In the famous parable of the prodigal son, we often forget that the primary audience which Jesus aims this story at is grumbling Pharisees and Scribes. “Then drew near unto him all the publicans and sinners for to hear him. And the Pharisees and scribes murmured, saying, This man receiveth sinners, and eateth with them (Luk 15:1-2).” Jesus flies to the defense of his ministry to the worst of sinners, by telling three parables, ending in the prodigal son’s story.
A few things are profound in the story. First, the son, in demanding his inheritance is essentially demandingÂ that his relationship with his father be as if his father were dead. He not only desires a dead relationship with his father, but he also flees to a far country (Lk. 15:13), as far from his father & family as can be. The second remarkable thing is the fact that thisÂ jewish boy ends up eating the slop of the unclean pigs, and it is in this position of the lowest point that he remembers that even theÂ servants in his father’s household wereÂ better off than he was.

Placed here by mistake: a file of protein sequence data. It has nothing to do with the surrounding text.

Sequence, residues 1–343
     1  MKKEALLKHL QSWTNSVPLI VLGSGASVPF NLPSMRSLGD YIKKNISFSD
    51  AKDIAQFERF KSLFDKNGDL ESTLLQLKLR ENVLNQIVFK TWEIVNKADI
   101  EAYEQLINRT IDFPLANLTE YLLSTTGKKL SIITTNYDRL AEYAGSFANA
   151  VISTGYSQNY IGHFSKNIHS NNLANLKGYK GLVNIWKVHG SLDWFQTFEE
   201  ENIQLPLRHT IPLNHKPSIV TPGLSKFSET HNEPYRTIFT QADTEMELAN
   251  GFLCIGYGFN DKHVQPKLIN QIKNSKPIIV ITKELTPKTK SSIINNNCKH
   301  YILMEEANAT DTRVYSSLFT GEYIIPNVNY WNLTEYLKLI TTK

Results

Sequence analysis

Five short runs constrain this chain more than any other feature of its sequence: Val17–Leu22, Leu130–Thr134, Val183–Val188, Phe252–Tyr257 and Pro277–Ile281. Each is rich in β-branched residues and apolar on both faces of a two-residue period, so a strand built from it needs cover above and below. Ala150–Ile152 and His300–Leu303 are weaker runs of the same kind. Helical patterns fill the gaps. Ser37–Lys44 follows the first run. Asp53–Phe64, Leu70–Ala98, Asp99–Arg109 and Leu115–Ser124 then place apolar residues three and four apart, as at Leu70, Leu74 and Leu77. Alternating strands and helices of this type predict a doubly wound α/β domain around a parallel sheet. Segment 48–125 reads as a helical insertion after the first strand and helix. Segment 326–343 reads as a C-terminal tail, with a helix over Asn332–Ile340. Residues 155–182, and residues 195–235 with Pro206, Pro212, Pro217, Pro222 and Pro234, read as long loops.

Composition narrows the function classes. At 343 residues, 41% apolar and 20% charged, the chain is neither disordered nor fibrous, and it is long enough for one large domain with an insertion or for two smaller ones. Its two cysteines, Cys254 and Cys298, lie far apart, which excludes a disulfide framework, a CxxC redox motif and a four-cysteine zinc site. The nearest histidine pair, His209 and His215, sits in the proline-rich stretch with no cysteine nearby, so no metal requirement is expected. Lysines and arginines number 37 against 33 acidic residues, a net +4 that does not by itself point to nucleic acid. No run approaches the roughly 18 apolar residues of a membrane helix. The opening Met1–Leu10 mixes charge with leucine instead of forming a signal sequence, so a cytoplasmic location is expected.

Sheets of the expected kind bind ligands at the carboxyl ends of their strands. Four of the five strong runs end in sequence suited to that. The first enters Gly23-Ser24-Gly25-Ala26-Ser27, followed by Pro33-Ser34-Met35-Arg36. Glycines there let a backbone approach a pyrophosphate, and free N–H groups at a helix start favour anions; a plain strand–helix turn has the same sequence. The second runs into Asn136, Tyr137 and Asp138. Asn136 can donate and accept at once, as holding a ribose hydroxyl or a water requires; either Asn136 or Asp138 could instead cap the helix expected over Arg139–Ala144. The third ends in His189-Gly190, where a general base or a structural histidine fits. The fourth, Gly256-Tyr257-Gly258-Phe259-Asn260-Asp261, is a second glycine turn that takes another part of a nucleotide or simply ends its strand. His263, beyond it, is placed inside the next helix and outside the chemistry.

The third thing to remark upon is that in his return to the father, his father reinstates him to the household. A robe, a ring, shoes, a celebration feast all accompany the prodigal son’s return. But it is this lavish display of restoration to the household that causes the elder brother to grumble. The father’s entreaty to the older son is thatÂ everything the father has was his (Lk. 15:31)! The Israelites were, in fact, the people of God in this earth, and technically speaking, the earth was theirs. They ought to have rejoiced to see the Messiah come and restore the prodigal nations into the family of God.
But the pride of beingÂ comparativelyÂ more righteous, growsÂ quickly in the wreckage and ashes of the younger brothers sins. As a result, the older brother was very much in danger of missing the celebration, and insisted on staying outside the house (Lk. 15:28). Yes, Jesus gives this parable as comfort to the worst of sinners that they are welcomed back into the family of God through repentance. But it is primarily aimed at the self-righteous, who are aghast that God would not only forgive sinners, but not hold their sins against them, restoring them to their former estate of sons.